The patent include the idea to leverage stored instructions in a computer system to "assign two threads to processors based on bandwidth utilization of the two threads in combination; determine whether the bandwidth utilization of the two combined threads exceeds a threshold value; use a cache simulator to construct a coupling degree matrix; use a software library to develop said coupling degree matrix; and use the coupling degree matrix to allocate threads to processors when the bandwidth utilization does not exceed said threshold."
Also claimed are instructions that provide information on whether the bandwidth utilization exceeds a threshold of 15 percent, as well as a capability to store "the coupling degree matrix by rating two threads in terms of the total amount of accesses to cache lines shared between two threads," as well as a "scheduler to determine the coupling degree matrix by rating the threads in terms of the total amount of accesses to cache lines."
In the scheduling process, idle threads and idle process pairs are first identified and a loop to check for more pairs is launched, after which threads to idle processors are assigned. This process repeats until all process pairs have been covered. As soon as no more pairs are available, the loop may identify an individual thread that is assigned to a process.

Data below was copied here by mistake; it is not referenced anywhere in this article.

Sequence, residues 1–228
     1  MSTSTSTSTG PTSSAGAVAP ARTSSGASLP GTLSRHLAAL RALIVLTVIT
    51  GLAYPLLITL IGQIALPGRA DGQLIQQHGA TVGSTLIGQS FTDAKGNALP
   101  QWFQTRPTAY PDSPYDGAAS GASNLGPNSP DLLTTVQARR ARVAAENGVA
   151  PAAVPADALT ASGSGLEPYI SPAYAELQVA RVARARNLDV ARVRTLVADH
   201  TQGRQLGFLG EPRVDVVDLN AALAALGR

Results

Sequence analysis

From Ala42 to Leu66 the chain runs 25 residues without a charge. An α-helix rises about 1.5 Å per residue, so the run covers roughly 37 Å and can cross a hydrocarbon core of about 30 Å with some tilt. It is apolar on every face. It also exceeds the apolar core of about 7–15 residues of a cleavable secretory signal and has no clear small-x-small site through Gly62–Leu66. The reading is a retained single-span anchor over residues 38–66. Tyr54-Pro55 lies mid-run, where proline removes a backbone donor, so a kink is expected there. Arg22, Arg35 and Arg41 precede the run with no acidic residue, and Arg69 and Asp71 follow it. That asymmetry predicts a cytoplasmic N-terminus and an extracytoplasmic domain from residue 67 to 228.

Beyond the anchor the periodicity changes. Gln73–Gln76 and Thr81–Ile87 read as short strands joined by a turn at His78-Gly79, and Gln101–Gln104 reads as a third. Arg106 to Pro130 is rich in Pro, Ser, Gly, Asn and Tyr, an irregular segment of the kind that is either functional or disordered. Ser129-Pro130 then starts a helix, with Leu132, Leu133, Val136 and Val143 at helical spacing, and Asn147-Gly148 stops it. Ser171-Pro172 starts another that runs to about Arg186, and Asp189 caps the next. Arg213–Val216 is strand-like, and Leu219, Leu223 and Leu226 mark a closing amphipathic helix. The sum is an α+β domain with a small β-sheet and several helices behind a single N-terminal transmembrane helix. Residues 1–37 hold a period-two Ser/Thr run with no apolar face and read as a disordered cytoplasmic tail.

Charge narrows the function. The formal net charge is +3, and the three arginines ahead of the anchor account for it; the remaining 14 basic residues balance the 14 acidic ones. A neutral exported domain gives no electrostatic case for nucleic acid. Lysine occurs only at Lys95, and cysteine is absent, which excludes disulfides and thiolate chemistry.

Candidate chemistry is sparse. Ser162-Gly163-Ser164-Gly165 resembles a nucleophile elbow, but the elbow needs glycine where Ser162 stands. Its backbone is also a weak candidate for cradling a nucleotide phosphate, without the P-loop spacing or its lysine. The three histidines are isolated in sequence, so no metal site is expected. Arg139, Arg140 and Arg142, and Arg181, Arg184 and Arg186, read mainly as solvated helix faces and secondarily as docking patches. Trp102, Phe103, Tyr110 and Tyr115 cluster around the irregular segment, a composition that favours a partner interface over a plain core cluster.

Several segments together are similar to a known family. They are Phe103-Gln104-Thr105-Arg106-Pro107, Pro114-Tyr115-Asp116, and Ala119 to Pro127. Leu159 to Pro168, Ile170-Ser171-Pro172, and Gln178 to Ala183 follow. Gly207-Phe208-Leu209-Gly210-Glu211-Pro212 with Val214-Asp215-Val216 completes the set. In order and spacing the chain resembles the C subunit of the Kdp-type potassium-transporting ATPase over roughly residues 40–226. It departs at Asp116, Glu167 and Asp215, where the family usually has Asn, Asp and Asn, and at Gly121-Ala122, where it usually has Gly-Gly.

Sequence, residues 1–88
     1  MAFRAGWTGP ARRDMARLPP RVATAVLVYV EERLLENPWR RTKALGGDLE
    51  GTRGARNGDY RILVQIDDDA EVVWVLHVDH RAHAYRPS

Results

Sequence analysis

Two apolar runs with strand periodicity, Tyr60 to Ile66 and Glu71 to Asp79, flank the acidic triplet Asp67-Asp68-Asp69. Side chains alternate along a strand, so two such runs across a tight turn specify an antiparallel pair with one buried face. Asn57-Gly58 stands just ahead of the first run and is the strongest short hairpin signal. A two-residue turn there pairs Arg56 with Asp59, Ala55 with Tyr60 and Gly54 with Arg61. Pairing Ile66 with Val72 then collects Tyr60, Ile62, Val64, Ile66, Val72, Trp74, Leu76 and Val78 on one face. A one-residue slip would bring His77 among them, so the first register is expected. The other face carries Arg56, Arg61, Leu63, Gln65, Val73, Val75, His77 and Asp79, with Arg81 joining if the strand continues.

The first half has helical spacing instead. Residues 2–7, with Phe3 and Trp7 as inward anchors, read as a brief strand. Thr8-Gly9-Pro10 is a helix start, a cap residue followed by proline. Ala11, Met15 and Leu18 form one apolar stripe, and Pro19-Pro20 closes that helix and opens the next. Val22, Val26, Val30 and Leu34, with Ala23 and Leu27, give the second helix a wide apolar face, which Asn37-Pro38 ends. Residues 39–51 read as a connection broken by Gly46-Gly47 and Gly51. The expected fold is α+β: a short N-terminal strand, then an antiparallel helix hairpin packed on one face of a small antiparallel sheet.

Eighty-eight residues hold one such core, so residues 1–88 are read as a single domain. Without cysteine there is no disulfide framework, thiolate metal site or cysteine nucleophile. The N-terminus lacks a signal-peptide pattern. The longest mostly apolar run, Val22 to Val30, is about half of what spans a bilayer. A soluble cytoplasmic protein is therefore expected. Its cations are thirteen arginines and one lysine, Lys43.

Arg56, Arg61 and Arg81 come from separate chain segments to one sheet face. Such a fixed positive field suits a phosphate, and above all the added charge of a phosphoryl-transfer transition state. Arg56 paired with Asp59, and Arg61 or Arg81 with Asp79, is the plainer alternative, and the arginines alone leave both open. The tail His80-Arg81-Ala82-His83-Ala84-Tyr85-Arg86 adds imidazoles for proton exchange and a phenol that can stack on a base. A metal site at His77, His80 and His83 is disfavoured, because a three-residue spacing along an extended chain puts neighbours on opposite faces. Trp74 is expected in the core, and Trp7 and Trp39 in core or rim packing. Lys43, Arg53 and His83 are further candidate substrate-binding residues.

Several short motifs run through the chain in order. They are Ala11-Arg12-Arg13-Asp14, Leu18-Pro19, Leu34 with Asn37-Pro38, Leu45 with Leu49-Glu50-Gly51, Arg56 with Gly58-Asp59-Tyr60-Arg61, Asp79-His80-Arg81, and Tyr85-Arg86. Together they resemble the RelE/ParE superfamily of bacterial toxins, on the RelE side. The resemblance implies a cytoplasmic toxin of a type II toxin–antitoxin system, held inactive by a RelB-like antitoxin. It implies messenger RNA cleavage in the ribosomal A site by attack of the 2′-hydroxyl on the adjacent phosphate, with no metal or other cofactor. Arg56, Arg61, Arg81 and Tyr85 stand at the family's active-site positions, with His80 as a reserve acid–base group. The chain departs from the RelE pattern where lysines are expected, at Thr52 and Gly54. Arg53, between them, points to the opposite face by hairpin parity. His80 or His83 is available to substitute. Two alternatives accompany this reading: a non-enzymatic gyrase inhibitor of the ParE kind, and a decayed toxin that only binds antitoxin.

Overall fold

The patented scheduler uses information about the location of data between threads and bandwidth demand to evaluate thread allocation for performance purposes. According to the patent, bandwidth utilization is considered the highest priority in determining the thread schedule, followed by data location. The document concludes that, if a bandwidth threshold of co-scheduled threads on one cluster exceeds a certain level, "for example 15 percent", the system would schedule the threads on different clusters. If the utilization is below the defined level, the system assumes that closely coupled threads on one cluster would achieve higher performance.